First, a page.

NHS has 'wasted' $976 million on synthetic insulin in past decade

The NHS has stumped up an extra £625 million over the past decade on synthetic forms of insulin, when the recommended human alternatives— which are considerably cheaper— would have probably been just as effective, reveals research published online in BMJ Open.

The finding comes as a UN health summit in New York this week debates how to step up international efforts to tackle the rising global burden of non-communicable diseases, including diabetes.

The authors base their findings on an analysis of publicly available data from the four UK prescription pricing agencies for the years 2000 to 2009. Costs were adjusted for inflation and reported at 2010 prices.

Over the 10 years, the NHS spent a total of £2732 million on insulin, the annual cost rising from £156 million to £359 million—an increase of 130%.

The annual cost of synthetic (analogue) insulin rose from £18.2 million, or 12% of the total, to £305 million, or 85% of the total. The cost of human insulin fell from £131 million, or 84% of total, to £51 million, or 14% of the total.

On the assumption that all patients prescribed insulin analogues could have been prescribed human insulin instead, the NHS could have saved itself £625 million, say the authors.

But even if only half of those patients could have been switched, that's still more than £300 million of savings for the NHS, they say.

The number of people diagnosed with diabetes in the UK has risen to 2.8 million, around 90% of whom have type 2 diabetes. Whereas those with type 1 disease require insulin from the get go, those with type 2 disease tend to be started on insulin later on.

Insulin analogues were developed to better mimic the actions of the insulin manufactured by the body, but it is not clear if the benefits are sufficient to justify their additional cost, say the authors.

"We know that the rise of insulin analogues has had a substantial financial impact on the NHS, yet over the same period there has been no observable clinical benefit to justify that investment," they conclude.

"It is likely that there was and is considerable scope for financial savings," they say, adding: "Most worryingly, the clinical role and safety of for use in people with type 2 diabetes is being questioned."

add to favorites email to friend print save as pdf

Related Stories

Insulin analogue glargine possibly increases cancer risk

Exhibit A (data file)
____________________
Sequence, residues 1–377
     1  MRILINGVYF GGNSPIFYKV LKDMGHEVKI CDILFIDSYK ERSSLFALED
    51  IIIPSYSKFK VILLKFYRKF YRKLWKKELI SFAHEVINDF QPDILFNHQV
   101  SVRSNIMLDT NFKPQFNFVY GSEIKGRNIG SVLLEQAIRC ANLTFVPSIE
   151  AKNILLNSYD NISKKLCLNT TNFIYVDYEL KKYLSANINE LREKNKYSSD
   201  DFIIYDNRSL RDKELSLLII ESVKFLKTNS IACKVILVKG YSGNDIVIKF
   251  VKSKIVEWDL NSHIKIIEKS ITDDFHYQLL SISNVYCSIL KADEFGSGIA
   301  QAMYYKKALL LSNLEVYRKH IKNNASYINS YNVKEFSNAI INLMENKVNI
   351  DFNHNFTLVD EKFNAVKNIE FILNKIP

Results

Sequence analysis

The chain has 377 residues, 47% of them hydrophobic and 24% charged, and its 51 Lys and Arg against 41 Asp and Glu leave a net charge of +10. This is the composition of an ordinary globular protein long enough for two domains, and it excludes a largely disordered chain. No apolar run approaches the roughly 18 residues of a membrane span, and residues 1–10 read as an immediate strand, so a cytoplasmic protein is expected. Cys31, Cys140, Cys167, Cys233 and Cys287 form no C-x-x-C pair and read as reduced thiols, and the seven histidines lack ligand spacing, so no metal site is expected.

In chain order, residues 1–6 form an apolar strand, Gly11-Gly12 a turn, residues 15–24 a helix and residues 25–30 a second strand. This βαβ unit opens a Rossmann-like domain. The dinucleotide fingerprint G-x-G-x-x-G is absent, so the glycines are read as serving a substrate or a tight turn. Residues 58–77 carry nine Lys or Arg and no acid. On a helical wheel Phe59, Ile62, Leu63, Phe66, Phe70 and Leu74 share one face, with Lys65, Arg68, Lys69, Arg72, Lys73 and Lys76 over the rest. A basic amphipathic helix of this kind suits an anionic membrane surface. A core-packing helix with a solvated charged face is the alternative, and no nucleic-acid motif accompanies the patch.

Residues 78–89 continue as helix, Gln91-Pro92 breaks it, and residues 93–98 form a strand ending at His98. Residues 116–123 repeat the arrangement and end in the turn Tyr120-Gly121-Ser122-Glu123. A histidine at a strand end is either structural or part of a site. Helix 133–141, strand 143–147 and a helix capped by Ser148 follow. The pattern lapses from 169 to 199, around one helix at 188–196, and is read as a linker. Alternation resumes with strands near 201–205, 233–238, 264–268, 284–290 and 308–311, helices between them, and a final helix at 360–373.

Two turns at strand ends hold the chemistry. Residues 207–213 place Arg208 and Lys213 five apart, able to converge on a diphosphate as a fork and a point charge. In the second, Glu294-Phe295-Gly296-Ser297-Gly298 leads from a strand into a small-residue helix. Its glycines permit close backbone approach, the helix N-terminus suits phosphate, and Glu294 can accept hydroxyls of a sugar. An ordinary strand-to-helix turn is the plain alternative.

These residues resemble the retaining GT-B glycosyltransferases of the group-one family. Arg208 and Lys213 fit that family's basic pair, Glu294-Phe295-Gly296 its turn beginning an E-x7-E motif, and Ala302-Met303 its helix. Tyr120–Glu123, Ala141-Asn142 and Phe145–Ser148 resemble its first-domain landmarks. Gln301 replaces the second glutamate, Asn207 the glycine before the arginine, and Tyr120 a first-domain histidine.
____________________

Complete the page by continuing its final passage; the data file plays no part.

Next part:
Jun 26, 2009

The risk of cancer possibly increases if patients with diabetes use the long-acting insulin analogue glargine instead of human insulin. The Institute for Quality and Efficiency in Health Care (IQWiG), in collaboration with ...

How does insulin influence resistin?

Jan 16, 2008

Obesity is a worldwide health problem directly linked to several diseases such as hypertension and type 2 diabetes. Resistin is a cysteine-rich hormone mainly secreted by adipose tissues and may form a biochemical link between ...

Recommended for you

Determine patient preferences by means of conjoint analysis

Jul 29, 2014

The Conjoint Analysis (CA) method is in principle suitable to find out which preferences patients have regarding treatment goals. However, to widely use it in health economic evaluations, some (primarily methodological) issues ...

FDA approves hard-to-abuse narcotic painkiller

Jul 25, 2014

(HealthDay)—A new formulation of a powerful narcotic painkiller that discourages potential abusers from snorting or injecting the drug has been approved by the U.S. Food and Drug Administration.

Race affects opioid selection for cancer pain

Jul 25, 2014

(HealthDay)—Racial disparities exist in the type of opioid prescribed for cancer pain, according to a study published online July 21 in the Journal of Clinical Oncology.

FDA approves tough-to-abuse formulation of oxycodone

Jul 25, 2014

(HealthDay)—Targiniq ER (oxycodone hydrochloride and naloxone hydrochloride extended release) has been approved by the U.S. Food and Drug Administration as a long-term, around-the-clock treatment for severe ...

User comments